No, what is puzzling is that this farm boy dealt in seeds when he must’ve known that no two saplings would be alike.
A closer look at the diet of those times handily solves the mystery. In those days, apples weren’t for eating. So uniformity or consistency weren’t required, nor was beauty, redness, hand size, or the bold sweetness our modern palate demands of apples terribly important. The overwhelming use for apples was to make cider. It was easy, it was nutritious, it was common. Everyone drank cider, even children. And I’m not talking about the sweet-spicy elixir we enjoy every fall; remember, refrigeration didn’t exist in the late 1700s and early 1800s. I’m talking about fermented apple juice. Hard cider, or applejack. This guy should’ve been called Johnny Applejack!
I recently spotted a book on cider-making at my local food coop, and paused over it. Cider: Making, Using & Enjoying Sweet & Hard Cider, written by Annie Proulx (before her Pulitzer Prize, presumably) with Vermont orchardist Lew Nichols, has all the information and recipes anyone could need to brew what early American settlers depended upon and savored, plus plentiful information and advice about cultivating a home orchard. In the introduction, I learned that when Whig candidate William Henry Harrison campaigned for president in 1840, couching himself as a man of the people, his signage showed a cider barrel and he magnanimously promised not a chicken in every pot, but cider in every cabin. This validates the importance of cider in our young country’s history. Johnny Appleseed laid the groundwork for Harrison.
Enter the Temperance movement, refrigeration, the advent of other sources of sweet flavor and—as so often happens with popular plants—selection for preferred qualities, and cider began to drain away in popularity. “An apple a day keeps the doctor away” may be so, but this slogan was originally created to encourage people to keep consuming apples as times changed. After a while, apples morphed from the source of a mildly alcoholic staple beverage into a wholesome, innocent, in-hand treat, generally how we view it to this day.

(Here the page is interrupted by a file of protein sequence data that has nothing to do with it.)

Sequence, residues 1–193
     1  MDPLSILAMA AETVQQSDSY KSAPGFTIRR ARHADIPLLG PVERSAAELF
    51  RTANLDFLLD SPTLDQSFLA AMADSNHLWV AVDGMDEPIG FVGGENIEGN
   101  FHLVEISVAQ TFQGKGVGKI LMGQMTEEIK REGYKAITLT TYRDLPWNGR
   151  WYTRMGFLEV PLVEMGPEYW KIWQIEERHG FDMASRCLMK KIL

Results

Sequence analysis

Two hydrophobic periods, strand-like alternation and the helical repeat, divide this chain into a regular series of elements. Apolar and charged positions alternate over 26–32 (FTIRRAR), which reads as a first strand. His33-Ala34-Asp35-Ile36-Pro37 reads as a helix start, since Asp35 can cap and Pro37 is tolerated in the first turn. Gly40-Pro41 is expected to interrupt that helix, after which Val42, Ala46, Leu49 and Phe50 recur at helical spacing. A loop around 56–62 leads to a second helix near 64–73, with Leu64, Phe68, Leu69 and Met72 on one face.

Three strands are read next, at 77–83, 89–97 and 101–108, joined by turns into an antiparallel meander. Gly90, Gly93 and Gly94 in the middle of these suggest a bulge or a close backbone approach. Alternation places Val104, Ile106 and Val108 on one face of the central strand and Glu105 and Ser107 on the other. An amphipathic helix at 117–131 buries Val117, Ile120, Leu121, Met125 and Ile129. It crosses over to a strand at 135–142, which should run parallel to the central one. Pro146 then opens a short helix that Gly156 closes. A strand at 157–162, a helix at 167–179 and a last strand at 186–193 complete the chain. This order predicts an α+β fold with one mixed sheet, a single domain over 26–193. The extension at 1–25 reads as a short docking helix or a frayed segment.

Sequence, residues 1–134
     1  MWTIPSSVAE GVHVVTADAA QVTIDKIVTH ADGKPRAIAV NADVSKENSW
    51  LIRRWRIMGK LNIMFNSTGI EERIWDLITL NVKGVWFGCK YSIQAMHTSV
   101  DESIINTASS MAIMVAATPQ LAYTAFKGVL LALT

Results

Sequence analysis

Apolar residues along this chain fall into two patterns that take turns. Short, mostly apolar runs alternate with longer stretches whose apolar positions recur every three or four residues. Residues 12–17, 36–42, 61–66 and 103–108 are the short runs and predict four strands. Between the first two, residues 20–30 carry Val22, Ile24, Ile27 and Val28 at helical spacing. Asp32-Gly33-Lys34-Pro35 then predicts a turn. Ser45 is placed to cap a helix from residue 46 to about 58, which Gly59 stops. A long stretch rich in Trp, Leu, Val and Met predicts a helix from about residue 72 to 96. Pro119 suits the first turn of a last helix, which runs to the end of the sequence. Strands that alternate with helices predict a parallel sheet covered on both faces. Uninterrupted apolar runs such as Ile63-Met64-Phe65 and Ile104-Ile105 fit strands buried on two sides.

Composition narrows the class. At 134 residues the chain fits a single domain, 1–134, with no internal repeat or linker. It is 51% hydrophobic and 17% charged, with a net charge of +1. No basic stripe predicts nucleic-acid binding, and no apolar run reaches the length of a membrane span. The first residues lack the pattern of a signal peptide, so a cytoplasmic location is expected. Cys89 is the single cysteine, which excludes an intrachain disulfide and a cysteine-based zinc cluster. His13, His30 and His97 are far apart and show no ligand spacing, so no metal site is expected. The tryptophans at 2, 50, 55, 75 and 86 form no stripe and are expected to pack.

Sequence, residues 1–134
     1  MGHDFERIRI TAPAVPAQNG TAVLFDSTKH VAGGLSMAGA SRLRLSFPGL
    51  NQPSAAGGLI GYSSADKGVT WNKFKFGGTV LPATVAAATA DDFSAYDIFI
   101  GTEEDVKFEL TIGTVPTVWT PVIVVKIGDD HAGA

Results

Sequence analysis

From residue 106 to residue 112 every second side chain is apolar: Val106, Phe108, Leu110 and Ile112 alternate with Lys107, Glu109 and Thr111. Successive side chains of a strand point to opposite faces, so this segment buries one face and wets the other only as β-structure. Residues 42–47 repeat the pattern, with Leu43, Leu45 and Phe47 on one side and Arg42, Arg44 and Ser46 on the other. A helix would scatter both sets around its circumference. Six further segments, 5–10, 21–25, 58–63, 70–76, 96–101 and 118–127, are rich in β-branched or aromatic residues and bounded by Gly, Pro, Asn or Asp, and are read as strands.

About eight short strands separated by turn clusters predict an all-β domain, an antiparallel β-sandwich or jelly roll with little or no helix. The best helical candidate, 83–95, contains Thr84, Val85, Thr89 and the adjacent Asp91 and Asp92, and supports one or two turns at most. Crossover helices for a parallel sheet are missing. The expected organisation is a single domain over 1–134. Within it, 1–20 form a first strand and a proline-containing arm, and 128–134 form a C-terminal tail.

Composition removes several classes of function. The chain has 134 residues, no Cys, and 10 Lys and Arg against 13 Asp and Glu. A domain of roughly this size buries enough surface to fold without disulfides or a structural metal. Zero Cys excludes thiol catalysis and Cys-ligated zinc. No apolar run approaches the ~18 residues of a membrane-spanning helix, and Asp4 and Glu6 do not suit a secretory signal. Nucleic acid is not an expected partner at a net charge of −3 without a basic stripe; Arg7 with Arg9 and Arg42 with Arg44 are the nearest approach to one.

When public attention shifted to good eating apples, the plant’s natural variability and ability to adapt to various climes and locales yielded a bounty of choices. There is an entertaining account of this in Michael Pollan’s The Botany of Desire. As with heirloom vegetables, these were as diverse as their names:
Names that had the reek of the American 19th century, its suspender-popping local boosterism, its shameless Barnum-and-Bailey hype, its quirky, un-focus-grouped individuality. There were names that set out to describe, often with the help of a well-picked metaphor: the green-as-a-bottle Bottle Greening, the Sheepnose, the Oxheart, the Yellow Bellflower, the Black Gilliflower, the Twenty-Ounce Pippin. There were names that puffed with hometown pride, like the Westfield Seek-No-Further, the Hubbardston Nonesuch, the Rhode Island Greening, the Albemarle Pippin…
Alas, also like many heirloom varieties of vegetables, most of these apples have slowly but surely fallen out of commerce as our country and the way we grow, ship, and market our food has changed. Tough skin that withstands jostling and resists bruising became a higher priority, as did uniform bright red color on the outside and white flesh on the inside. Most supermarkets offer mainly Red Delicious, McIntosh, and maybe Gala. Even my farmer’s market guy doesn’t offer an especially wide range of choices…not compared to what is possible.
Some heirlooms are wonderful—fragrant, funky-looking, and ambrosial. Some heirlooms are neither palatable nor pretty apples by modern standards, but perhaps their genes offer other valuable qualities such as … pest resistance.
It’s a very real possibility that apples are now in the same pickle as modern corn; the gene pool has become dangerously narrow. A pest or disease could appear and wipe out one or several of the few varieties favored these days. Already the ever-narrowing gene pool has—some biologists would contend, inevitably—over many long decades, allowed the rise of those nasty, feisty pests my friend Lew Nichols and other modern growers combat.
By this reasoning, the diversity that Johnny Appleseed dispersed so widely was a gift we Americans didn’t truly appreciate at the time and maybe still don’t. By this reasoning, the repository orchards in Geneva, New York, the plants that survive in the Kazahk forests, the preservation projects of foundations and museums dedicated to Johnny Appleseed, and the efforts of Phil Forsline and his colleagues and successors, are valuable indeed.
One uniform red apple is not the way to go. It is the way to squander a beloved, diverse, historically fascinating, and delicious fruit.
A version of this article originally appeared in Sanctuary: The Journal of the Massachusetts Audubon Society, Autumn 2011.